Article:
“We are honoured to be a part of this initiative,” said Patrick Verwer, the Managing Director at London Midland. “Having one of our trains bearing Chad Varah’s name will ensure more people become familiar with his accomplishments in founding Samaritans, an organisation that has made such a positive difference to so many and continues to do so today.”
Neil McNicholas, managing director of DRS added:
“We are delighted to be associated in honouring a great man who founded a great organisation. With one of our locomotives named Chad Varah travelling on the network, it will be a very visible tribute to an organisation that has, and continues to contribute, so much to so many.”
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For further information please contact Samaritans’ press office on 020 8394 8300 or email email@example.com
Notes to Editors:
A fourth train, a Network Rail locomotive (on operational duty today), will also be named after Chad.
Network Rail and Samaritans launched a five-year partnership in January 2010 to reduce the number of suicides on the railways. Overall rates of suicides have generally been declining for the last ten years, but the number of suicides on the railways in the UK has remained above 200 a year.
Suicide on the railways has a devastating effect on family, friends, train drivers, frontline rail staff and witnesses. Suicides on the rail network have a knock-on effect of disruption to rail services, which costs the rail industry around £20 million every year.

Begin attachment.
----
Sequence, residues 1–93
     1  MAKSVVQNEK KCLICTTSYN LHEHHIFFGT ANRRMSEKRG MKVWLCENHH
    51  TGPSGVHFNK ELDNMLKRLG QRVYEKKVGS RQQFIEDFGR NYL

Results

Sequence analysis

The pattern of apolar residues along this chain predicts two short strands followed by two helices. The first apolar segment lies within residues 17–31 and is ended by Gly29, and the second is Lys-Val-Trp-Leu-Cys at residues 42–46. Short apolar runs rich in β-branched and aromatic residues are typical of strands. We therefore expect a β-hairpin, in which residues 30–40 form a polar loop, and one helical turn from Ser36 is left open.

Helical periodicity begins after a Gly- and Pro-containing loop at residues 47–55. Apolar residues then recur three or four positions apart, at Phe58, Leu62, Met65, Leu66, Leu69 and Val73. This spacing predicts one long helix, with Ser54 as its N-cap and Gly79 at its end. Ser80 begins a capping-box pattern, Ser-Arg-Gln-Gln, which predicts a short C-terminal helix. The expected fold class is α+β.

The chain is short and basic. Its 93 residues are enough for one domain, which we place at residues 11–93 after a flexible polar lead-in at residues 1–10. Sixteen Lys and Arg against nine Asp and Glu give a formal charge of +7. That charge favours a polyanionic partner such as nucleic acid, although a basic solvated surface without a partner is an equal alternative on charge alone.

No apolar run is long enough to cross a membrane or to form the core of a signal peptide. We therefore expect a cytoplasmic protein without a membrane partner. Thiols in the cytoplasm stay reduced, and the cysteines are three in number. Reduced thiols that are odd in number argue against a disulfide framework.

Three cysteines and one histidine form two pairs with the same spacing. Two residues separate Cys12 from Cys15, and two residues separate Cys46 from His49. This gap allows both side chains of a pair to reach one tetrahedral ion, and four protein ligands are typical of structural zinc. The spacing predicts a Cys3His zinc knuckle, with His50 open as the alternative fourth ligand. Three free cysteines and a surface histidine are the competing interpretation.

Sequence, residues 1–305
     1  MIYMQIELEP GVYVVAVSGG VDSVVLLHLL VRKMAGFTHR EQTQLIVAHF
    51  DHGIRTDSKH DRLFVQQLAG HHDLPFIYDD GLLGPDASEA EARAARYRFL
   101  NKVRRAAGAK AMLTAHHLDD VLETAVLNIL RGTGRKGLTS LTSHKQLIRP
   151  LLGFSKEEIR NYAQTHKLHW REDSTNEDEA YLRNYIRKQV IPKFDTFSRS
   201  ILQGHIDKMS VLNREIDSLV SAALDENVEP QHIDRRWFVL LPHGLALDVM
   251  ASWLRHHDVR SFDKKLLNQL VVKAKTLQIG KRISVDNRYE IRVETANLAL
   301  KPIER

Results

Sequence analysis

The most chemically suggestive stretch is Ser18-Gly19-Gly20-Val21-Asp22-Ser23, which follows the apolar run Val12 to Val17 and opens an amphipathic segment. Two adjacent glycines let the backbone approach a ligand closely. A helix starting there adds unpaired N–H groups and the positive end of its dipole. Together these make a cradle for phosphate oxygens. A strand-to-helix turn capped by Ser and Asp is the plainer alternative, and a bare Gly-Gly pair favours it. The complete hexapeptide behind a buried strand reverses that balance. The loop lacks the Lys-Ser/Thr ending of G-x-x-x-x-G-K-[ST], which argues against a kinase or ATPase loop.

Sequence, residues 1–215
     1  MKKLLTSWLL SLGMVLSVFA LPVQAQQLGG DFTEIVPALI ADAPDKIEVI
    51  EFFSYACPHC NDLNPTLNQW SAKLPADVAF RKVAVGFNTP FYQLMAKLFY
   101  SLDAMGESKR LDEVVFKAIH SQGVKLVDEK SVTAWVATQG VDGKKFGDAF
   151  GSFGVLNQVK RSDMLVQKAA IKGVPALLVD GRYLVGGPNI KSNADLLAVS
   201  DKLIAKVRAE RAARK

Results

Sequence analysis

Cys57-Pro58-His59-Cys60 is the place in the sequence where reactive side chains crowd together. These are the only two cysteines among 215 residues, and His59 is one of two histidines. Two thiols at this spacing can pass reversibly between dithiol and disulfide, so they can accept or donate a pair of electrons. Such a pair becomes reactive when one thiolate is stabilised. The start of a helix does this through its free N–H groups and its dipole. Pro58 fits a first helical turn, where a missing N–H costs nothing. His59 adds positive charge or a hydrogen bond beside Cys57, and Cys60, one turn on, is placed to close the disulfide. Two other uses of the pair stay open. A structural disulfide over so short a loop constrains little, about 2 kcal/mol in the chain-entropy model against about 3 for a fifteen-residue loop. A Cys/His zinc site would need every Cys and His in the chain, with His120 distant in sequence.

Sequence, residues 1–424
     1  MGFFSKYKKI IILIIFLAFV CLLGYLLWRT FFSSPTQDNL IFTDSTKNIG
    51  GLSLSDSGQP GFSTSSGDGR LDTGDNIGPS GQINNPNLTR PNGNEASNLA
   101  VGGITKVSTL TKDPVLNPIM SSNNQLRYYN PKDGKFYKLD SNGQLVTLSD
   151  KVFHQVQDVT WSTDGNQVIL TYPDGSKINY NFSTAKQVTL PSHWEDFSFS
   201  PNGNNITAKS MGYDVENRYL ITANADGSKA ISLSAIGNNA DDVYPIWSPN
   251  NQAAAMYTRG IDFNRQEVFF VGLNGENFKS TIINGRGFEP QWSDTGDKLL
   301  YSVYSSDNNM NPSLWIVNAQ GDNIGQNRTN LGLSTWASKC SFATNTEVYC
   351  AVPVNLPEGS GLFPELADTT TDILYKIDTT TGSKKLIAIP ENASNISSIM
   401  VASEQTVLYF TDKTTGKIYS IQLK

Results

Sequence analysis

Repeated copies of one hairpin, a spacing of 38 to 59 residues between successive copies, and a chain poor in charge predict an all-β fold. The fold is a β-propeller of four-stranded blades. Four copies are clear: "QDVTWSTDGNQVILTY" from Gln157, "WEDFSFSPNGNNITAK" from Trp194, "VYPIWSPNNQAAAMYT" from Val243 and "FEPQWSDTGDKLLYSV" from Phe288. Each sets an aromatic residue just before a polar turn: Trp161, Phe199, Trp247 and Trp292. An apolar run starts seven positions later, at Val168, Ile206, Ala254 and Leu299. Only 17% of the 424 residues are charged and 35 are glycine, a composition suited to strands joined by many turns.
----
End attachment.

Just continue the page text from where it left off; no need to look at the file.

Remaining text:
The partnership features a programme of prevention and post-incident activities:
- Training for railway industry and British Transport Police staff to give them skills to identify someone in distress, how to intervene, and get that person to a place of safety.
- Training for people who manage train drivers to ensure they are correctly supported following a fatality.
- A ‘call-out’ programme where Samaritans volunteers from local branches can be called out to speak to people in distress.
- Samaritans volunteers providing support at stations to staff and witnesses following a fatality.
- British Transport Police officers referring people to Samaritans.
- Samaritans working with the media on the reporting of suicides.
Over 2,000 railway staff and BTP officers have been through Samaritans training since the beginning of the partnership. The charity has been informed of over 40 incidences where railway staff and BTP officers have identified someone struggling to cope and intervened.
- ‘We’re in your Corner’ Samaritans awareness campaign aimed at men aged 30 to 55 launched on 20 September.
- Samaritans’ vision is that fewer people die by suicide. People contact Samaritans when they are struggling to cope and need someone to talk to. More than 20,000 Samaritans’ volunteers are available round the clock, every day of the year. The helpline provides a safe place to talk and all conversations are private.
- To contact Samaritans call 116 123, email firstname.lastname@example.org, or visit www.samaritans.org to find your nearest branch.